Wrist sprains of all grades respond well to cold therapy because it reduces inflammation and numbs surrounding nerve fibers that cause pain.The accumulation of more inflammation around the injury site is why cold therapy is important for Grade 2 and 3 wrist sprains.After a day or two following an injury, applying cold therapy to a wrist can make movement easier and reduce the intensity of pain.In contrast, icing a wrist fracture is helpful for pain and inflammation control, but the symptoms often return after the effects wear off.Cold therapy is more effective on sprains than it is on most fractured bones.Cold therapy works better than more serious injuries for the small hairline fractures.Wrap cold therapy on your injured wrist with a thin towel to avoid skin irritation and frost bite.
Step 5: You should consult with your family physician.
Your doctor is more qualified to make an accurate diagnosis than the above information can help you understand.A detailed history can lead to a specific diagnosis in 70% of wrist pain cases.If the injury appears severe, your doctor will likely send you for a wrist x-ray to rule out a fractured bone.X-rays only show bones and not soft tissues.Because of their small size and confined space, broken carpal bones can be difficult to see on x-ray.If the x-rays don’t show a wrist injury, but the injury is serious and requires surgery, the doctor might send you for an exam.It’s hard to see carpal bones on regular x-rays because of the inflammation.You might have to wait a week or two to get another x-ray.Depending on the severity of symptoms and mechanism of injury, these types of injuries may require additional scans.Osteoporosis, a condition characterized by demineralization and brittle bones, is a significant risk factor for wrist fractures, but it doesn’t increase the risk of wrist sprains.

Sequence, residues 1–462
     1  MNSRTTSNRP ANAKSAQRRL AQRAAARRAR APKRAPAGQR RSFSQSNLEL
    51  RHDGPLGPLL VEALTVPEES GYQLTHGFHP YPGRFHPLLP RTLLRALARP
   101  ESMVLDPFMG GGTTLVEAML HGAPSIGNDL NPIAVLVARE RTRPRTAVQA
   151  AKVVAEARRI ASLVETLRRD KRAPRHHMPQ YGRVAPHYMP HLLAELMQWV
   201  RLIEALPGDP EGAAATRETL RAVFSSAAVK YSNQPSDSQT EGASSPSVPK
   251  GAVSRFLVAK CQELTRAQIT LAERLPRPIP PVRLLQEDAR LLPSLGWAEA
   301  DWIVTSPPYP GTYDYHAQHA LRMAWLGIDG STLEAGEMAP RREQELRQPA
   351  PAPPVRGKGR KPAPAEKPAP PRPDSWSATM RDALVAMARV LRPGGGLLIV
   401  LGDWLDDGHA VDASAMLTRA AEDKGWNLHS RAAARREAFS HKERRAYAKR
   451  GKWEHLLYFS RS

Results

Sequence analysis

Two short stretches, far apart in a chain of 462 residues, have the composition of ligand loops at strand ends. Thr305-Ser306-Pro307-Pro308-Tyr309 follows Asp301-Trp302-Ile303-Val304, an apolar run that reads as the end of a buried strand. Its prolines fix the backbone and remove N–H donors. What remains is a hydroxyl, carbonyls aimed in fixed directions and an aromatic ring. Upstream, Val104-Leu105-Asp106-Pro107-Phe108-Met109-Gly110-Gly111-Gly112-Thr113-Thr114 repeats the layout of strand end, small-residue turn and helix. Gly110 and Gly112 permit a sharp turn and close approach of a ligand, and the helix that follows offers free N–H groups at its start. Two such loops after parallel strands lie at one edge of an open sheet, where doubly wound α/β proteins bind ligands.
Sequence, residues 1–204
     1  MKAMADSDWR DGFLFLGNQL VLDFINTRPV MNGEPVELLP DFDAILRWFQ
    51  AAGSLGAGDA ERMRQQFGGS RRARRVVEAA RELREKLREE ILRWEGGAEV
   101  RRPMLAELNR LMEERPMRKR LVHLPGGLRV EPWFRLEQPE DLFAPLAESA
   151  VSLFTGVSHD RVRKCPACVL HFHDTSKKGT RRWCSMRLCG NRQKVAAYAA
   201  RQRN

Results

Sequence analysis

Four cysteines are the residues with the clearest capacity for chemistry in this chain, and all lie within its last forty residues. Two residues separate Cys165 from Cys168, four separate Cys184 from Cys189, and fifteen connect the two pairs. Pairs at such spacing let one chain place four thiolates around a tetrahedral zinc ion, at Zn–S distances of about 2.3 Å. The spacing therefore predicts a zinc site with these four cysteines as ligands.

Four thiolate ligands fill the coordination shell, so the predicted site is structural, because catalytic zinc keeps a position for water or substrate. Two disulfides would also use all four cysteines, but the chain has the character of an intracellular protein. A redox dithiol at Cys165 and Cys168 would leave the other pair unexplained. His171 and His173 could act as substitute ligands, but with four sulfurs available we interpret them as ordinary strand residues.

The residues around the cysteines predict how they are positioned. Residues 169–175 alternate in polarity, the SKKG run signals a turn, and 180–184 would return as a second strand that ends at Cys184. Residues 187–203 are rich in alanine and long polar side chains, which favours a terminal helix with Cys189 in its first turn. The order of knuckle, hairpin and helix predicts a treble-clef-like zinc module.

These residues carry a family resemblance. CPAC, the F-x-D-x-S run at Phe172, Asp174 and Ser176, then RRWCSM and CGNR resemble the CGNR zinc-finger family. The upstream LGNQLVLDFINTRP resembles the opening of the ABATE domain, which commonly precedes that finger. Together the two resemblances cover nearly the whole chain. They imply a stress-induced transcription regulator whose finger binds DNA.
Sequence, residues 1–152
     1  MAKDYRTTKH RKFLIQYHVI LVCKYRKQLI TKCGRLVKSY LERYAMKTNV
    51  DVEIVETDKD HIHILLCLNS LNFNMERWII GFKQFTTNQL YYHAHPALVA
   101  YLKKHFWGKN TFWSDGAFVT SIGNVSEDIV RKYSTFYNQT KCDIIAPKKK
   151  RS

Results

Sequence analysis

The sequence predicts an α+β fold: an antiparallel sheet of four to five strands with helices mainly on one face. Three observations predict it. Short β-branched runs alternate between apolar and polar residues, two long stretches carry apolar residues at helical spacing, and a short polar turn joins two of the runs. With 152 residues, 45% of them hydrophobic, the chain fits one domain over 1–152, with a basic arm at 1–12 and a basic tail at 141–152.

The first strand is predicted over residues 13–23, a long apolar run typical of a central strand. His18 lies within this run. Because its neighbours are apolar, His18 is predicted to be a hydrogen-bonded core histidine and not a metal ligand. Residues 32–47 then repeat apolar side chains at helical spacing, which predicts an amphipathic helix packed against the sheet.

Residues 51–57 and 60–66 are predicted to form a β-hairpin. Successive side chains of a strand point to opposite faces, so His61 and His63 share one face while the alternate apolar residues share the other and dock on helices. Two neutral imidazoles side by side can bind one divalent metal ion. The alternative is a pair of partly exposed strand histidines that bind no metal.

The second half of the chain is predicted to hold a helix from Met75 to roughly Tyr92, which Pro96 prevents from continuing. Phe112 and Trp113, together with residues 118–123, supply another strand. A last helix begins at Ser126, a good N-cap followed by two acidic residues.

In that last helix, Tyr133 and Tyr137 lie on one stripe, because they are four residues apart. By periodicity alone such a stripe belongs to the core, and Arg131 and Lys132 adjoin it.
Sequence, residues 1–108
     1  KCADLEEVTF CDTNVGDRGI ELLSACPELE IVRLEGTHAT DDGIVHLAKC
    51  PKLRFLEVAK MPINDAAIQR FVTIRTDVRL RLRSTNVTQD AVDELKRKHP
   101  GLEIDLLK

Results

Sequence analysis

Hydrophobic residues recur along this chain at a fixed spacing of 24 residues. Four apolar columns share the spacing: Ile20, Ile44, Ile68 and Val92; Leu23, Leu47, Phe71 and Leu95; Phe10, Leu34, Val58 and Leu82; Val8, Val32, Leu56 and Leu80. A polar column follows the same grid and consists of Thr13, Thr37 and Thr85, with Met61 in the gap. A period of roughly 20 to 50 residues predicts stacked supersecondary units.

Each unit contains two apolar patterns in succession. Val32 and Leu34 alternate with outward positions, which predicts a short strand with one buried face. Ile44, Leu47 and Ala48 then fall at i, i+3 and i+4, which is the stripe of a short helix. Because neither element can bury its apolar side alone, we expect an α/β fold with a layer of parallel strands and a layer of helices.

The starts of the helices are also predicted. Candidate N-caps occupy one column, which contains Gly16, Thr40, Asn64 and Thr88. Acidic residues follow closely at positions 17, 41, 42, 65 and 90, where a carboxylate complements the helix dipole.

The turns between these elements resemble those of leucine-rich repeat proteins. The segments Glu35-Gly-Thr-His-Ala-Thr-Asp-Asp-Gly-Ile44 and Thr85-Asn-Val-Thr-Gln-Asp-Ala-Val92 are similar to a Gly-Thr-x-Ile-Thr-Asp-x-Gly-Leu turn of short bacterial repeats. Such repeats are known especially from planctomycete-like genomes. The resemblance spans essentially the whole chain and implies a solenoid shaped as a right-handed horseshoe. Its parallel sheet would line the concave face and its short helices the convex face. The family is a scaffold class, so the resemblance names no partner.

Step 6: You can get a referral for an exam.
There’s no need for an MRI or other high-tech diagnostic test for Grade 1 wrist and most Grade 2 sprains because the injuries are short-lived and tend to heal within a few weeks without any medical treatment.If the diagnosis remains unclear and the injury is more serious, then magnetic resonance imagery (MRI) is needed.Magnetic waves are used to provide detailed images of the body.It’s great to see which part of the body is badly torn.If surgery is required, this information is very helpful.Wrist injuries, including carpal tunnel syndrome, mimic wrist sprains, but an MRI can distinguish between the different injuries.It is helpful to see the extent of blood vessel and nerve damage if your wrist injury is causing symptoms in your hand, such as numbness, tingling and/or loss of normal color.The wear and tear type is one of the causes of wrist pain.Osteoarthritis pain is chronic, gets worse over time and usually involves a grinding feeling with wrist movement.
Step 7: Consider a computed tomograph.
If your wrist injury is pretty severe and the diagnosis remains unclear after x-rays and an MRI, then further scans such as a CT Scan are indicated.Computerized tomography scans combine x-ray images taken from different angles and use computer processing to create cross-sectional images of all hard and soft tissues inside your body.Similar levels of detail to regular x-rays are provided by CT images.If you’re looking for a hidden wrist injury, it’s best to use CT, although it can be better for more subtle injuries.If your health insurance won’t cover the costs of a diagnosis, it may be because the scans are less expensive.You are exposed to ionizing radiation.The amount of radiation is not harmful.The scaphoid bone is connected to the lunate bone by the most common injury in the wrist.If your wrist pain persists even if the diagnostic results are negative, your doctor will likely refer you to a bone and joint specialist for more testing and evaluation.